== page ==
President Donald Trump’s budget proposal projects that both the EEOC and OFCCP will be “doing more with less.” Consequently, the agencies plan to focus resources.

As set forth in the Budget Justification for OFCCP:

OFCCP’s FY 2019 priorities support the agency’s efforts to enforce the law by emphasizing high-impact systemic cases and expand contractor compliance assistance, thereby reducing the cost of compliance that covered contractors incur while simultaneously protecting a greater number of workers and jobseekers from employment discrimination.

According to the EEOC Acting Chair, “Our Strategic Plan for 2018-2022 focuses on making maximum use of our limited resources to achieve the greatest return on the investment of taxpayer dollars.” This effort includes a focus on systemic discrimination cases, including pay cases.

As underscored in the report, Advancing Opportunity – A Review of the Systemic Program of the U.S. Equal Employment Opportunity Commission, systemic investigations and lawsuits typically have strategic impact because they address significant legal issues or policies, or have a wide influence on an industry, occupation, or geographic area…. [S]ystemic enforcement is a greater driver of employer compliance than individual investigations or cases.

This should have employers and federal contractors taking steps to avoid coming under OFCCP/EEOC attention.

In fiscal year (FY) 2017, OFCCP recovered nearly $24 million in monetary relief, 40 percent of which were from pay discrimination cases. From pay discrimination audits, the agency recovered a record-setting $14 million.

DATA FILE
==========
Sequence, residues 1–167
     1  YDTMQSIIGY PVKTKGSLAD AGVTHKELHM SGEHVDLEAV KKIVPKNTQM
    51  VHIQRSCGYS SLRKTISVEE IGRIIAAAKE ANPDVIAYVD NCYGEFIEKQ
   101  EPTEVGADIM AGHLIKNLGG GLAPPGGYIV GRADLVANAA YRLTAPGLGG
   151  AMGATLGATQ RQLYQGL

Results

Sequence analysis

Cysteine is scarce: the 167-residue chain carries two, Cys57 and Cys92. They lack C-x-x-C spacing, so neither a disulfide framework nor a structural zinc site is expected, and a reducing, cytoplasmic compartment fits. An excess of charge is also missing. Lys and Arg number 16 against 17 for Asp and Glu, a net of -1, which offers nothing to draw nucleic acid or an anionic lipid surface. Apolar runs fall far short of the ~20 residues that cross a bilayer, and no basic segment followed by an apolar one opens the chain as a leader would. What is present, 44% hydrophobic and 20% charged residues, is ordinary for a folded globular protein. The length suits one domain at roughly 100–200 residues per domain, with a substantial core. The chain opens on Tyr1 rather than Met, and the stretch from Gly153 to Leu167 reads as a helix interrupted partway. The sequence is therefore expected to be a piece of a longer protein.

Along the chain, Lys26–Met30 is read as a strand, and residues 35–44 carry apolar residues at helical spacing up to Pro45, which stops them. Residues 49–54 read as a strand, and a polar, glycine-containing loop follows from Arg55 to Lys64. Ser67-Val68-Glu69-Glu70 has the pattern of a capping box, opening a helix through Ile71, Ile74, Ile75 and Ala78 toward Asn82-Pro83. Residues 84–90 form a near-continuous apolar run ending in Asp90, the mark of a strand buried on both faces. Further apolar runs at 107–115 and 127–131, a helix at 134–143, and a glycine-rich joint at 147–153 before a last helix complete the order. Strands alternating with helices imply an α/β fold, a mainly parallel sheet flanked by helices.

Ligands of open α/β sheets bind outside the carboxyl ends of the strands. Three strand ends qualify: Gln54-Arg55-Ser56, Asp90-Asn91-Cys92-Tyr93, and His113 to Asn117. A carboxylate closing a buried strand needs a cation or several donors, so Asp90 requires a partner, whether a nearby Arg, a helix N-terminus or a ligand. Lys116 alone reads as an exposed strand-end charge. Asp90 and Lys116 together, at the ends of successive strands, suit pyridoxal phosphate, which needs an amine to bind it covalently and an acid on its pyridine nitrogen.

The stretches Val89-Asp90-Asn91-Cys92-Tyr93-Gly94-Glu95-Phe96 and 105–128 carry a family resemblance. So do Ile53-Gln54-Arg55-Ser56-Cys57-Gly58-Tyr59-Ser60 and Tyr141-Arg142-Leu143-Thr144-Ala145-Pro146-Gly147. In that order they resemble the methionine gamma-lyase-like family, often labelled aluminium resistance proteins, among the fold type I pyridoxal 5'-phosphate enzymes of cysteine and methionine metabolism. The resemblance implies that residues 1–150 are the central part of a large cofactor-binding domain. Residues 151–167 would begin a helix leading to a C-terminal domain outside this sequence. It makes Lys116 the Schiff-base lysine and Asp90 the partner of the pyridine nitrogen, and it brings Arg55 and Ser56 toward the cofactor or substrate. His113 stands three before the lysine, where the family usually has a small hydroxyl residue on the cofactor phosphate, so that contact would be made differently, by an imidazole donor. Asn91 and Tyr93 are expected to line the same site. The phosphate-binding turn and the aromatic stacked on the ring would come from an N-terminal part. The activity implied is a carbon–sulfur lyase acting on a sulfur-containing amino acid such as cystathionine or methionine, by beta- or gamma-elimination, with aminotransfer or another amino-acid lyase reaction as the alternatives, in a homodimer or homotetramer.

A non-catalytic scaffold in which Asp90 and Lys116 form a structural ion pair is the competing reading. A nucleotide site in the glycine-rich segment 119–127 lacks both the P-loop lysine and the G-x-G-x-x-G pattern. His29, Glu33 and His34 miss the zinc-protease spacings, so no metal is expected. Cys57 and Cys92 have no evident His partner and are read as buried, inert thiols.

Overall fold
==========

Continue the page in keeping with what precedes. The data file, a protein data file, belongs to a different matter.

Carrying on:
Even with a more contractor-friendly OFCCP, audits will follow the money, or at least attempt to identify those audits where the money is most likely to be found. To that end, OFCCP continues to hone its pay audit skills and resources.

The bottom line is:

OFCCP anticipates about 35 percent of its discrimination conciliation agreements to address systemic pay discrimination by prioritizing review of pay related employment practices.

Moreover, OFCCP may conduct many more “streamlined” audits in FY 2018 and FY 2019 in order to identify those with high-impact potential.

In its Budget Justification, the EEOC also touts its successes in systemic cases:

Notably, the EEOC tripled the success rate for conciliation of systemic matters from 21 percent to between 45 – 64 percent over the past decade and the EEOC’s litigation program has achieved a remarkable 92 percent success rate in its systemic cases over the past 10 years (through FY 2017).

How does OFCCP determine if an audit is likely to be a high-impact pay case? OFCCP won’t have W-2 pay data in EEO-1 reports, but, at the outset of an audit, OFCCP has even better data: Item 19 base pay and pay component data. With the EEOC, an individual pay discrimination charge may lead to systemic investigations and class actions.

With improved tools and training, and more audit opportunities, OFCCP may be even better equipped to identify systemic pay issues. The EEOC, with a much larger budget, also has ample opportunities to ferret out “strategic impact” pay cases.

Of course, the remedy is to stay a step ahead of OFCCP audits and EEOC pay charges by reviewing and improving pay practices, and proactively analyzing pay data.